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Shifting trends in hydrocarbon markets

By Ashley Madray | Specialty Gas Report | First Quarter 2017

Hydrocarbons in the United States and worldwide remain the most popular form of energy for the developed world. They are attractive because of their efficiency, safety, availability, ease of storage and transportation, etc.

As we know, the primary application of hydrocarons is for fuels. The second most widely used application of is as building blocks for chemicals, pharmaceuticals, and many other chemistry-related applications. These uses are big demand drivers in the hydrocarbon market.

The attractiveness of the hydrocarbon molecule (CxHy) has driven technology in the exploration and production of crude oil and natural gas, the primary sources for hydrocarbons. In the US, this technology success is most evident in the development of the shale reserves. Some of the most recognized names in shale – Marcellus, Eagle Ford, Permian, Balkans, and Austin Chalk – are examples of this technology success. The trends in development of shale plays continues as does the continued development of hydraulic fracturing (fracking) of these regions.

As we go to press, the Wall Street Journal reports that even with OPEC’s success in curtailing production of some of their members, the price of crude oil and natural gas remain unchanged in the US market, and minimally changed in the worldwide market. This unchanged pricing, in spite of the OPEC curtailment, is evidence that fracking in the shale plays allows US producers the ability to compete with new production at the current price levels.

The charts below show the growth in production of natural gas and natural gas liquids (NGLs). This information is update monthly by the US Energy Information Administration (US EIA) on its website, which provides details on fuel data. Figure 1 shows the growth in production of natural gas plants in the US. Please note, what we refer to as NGL production, the EIA refers to as HGL production in Figure 1.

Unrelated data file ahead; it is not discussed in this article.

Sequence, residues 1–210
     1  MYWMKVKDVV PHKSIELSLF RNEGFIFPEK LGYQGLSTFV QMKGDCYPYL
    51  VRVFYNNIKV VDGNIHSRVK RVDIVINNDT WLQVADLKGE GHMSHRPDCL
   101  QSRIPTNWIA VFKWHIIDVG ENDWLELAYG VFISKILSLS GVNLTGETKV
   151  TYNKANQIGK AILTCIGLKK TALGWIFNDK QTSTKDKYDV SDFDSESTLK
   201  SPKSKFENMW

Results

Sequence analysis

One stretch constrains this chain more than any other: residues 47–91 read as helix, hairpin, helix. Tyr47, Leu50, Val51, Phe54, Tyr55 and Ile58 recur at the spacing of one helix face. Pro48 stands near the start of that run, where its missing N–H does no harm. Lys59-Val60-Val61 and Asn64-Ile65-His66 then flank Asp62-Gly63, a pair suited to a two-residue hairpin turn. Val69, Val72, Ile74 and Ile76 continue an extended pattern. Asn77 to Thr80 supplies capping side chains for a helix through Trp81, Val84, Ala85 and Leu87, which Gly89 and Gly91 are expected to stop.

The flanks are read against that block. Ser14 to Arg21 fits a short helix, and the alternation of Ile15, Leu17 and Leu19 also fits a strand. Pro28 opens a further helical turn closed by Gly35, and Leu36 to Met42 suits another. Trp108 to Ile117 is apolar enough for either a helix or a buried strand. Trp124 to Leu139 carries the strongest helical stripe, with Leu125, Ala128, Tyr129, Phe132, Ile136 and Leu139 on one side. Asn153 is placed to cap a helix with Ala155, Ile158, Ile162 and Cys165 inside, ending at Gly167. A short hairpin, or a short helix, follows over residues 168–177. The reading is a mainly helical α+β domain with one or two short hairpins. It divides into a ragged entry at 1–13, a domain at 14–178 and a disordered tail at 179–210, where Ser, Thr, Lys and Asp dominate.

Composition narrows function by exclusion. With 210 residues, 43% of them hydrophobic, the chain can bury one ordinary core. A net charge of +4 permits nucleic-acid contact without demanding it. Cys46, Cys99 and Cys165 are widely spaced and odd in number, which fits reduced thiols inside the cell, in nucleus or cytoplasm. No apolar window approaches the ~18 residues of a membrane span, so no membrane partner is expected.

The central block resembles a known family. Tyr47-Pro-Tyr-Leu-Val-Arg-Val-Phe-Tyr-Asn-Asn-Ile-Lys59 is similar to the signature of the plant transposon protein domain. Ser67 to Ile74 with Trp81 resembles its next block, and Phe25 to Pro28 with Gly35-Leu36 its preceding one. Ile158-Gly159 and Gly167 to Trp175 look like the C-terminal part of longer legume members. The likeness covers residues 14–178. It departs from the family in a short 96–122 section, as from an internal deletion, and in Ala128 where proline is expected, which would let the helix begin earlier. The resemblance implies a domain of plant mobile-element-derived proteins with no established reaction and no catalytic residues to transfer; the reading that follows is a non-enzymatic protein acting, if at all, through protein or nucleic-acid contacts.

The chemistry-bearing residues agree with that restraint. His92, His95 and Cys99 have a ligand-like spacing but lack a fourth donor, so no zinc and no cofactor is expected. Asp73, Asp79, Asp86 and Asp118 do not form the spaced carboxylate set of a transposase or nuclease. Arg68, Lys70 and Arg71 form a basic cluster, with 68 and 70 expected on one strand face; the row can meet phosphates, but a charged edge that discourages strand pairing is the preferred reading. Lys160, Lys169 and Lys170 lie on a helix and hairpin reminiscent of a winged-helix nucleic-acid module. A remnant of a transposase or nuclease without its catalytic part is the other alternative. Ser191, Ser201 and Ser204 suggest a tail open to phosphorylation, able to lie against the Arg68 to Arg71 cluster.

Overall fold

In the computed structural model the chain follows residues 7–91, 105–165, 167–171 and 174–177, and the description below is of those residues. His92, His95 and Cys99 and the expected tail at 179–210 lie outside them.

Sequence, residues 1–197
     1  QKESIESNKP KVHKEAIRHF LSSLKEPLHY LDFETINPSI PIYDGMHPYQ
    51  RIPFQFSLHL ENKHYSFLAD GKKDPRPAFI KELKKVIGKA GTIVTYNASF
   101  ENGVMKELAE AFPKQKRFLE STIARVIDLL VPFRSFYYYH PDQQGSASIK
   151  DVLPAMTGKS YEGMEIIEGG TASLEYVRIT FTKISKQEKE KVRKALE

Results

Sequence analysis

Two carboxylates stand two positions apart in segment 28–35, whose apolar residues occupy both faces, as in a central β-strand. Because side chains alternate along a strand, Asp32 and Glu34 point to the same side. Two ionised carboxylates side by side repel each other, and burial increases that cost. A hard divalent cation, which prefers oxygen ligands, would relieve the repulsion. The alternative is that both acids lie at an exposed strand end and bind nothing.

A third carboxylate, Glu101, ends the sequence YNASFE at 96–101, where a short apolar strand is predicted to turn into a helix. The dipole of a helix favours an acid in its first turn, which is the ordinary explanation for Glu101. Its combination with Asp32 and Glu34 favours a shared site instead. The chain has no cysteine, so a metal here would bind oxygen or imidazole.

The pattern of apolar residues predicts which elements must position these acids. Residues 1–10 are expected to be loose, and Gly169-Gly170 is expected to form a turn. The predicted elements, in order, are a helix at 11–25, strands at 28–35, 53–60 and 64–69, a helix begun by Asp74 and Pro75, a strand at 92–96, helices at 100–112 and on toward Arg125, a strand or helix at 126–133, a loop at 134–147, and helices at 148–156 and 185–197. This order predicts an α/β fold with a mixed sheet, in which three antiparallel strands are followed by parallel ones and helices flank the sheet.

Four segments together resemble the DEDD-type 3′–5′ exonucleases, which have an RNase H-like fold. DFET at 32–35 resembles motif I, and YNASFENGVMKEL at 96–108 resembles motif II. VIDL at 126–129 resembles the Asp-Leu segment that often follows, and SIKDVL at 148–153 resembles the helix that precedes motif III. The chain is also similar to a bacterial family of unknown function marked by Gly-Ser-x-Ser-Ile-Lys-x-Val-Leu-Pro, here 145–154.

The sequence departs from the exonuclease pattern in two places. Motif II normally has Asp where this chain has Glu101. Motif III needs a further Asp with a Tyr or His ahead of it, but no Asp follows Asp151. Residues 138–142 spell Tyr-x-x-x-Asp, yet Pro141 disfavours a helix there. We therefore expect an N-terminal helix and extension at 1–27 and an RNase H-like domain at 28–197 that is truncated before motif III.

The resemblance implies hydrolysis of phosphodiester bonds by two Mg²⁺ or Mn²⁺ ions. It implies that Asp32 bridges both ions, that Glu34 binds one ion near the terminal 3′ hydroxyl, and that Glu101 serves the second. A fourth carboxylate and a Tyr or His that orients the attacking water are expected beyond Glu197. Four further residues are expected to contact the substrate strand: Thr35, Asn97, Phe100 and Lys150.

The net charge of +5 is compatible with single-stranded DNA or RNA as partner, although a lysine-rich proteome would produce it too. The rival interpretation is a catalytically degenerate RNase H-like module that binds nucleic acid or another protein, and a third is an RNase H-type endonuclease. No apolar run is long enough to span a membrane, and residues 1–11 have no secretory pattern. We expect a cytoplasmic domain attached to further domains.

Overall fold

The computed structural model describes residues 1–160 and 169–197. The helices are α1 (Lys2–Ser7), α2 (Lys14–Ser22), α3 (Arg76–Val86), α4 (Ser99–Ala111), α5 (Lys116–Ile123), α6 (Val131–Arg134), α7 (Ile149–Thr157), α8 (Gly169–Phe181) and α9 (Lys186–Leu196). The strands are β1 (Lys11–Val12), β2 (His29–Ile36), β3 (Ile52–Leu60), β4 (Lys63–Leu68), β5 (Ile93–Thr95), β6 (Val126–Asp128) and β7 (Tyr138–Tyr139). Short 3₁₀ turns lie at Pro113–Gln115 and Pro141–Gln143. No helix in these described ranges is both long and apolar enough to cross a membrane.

Figure 2 shows the NGLs by product and their specific growth rates since 2008.

Methane, of course, is the main molecule of natural gas. There are four other primary NGLs: ethane, propane, butane, and pentane (natural gasoline). Streams of natural gas will vary in their constituency of each NGL. “Lean” streams will have minimal amounts of NGLs, while the “rich” or “wet” streams will contain larger amounts of the NGLs.

So, what does this growth in production of natural gas and NGLs yield in our markets? Primarily, it yields cost pressures on energy production, fuels, and petrochemical production. These cost pressures have created a competitive advantage over other countries in the world with a less cost advantaged positions for our domestic producers of fuels and chemicals. We do not need to look very far to see the impact in the Gulf Coast. Expansions of almost every petrochemical plant and refinery have been underway for the past few years and some continuing. We can also see this in our immediate industry by the expansions of industrial gas capacities with the production of hydrogen, and the oxygen and nitrogen plants to support these expansions and their related demand.

The other major change has been the construction of the liquefied natural gas (LNG) plants for export, and the reversal of some LNG plants originally designed to accept imports now being designed for export. These two trends have presented tremendous opportunities for those in our industry who provide the nitrogen, fabrication equipment, gases and consumables, and refrigerants for LNG plants. Ten years ago we were building plants to accept large volumes of imported LNG, which was then vaporized and delivered into our pipeline distribution networks. Our new found success at fracking in the shale plays has reversed the LNG import trend and created many market opportunities .Companies within our industry that support LNG plants with maintenance services, specialty gases for standards, and related gases and operational equipment have seen their business expand.

Many of these plants have required alloys, including stainless steels, aluminum, bronze, and others, in their construction. The gases and equipment to weld these structures continues to be a boon to those supplying these requirements.

In the US, the export of natural gas and NGLs has been the market trend since 2010. Ship loads of cryogenic ethane, propane, propylene, ethylene and now LNG, with volumes measured in cubic meters and thousands of tons, have created a significant shift in our trade balances with different countries. The export of these products have kept propane, as well as other products, from dropping even further in price.

Those in our industry who supply to these markets have enjoyed growth and profitability while those who have focused more on the historic markets may have enjoyed a much smaller growth over the past few years.

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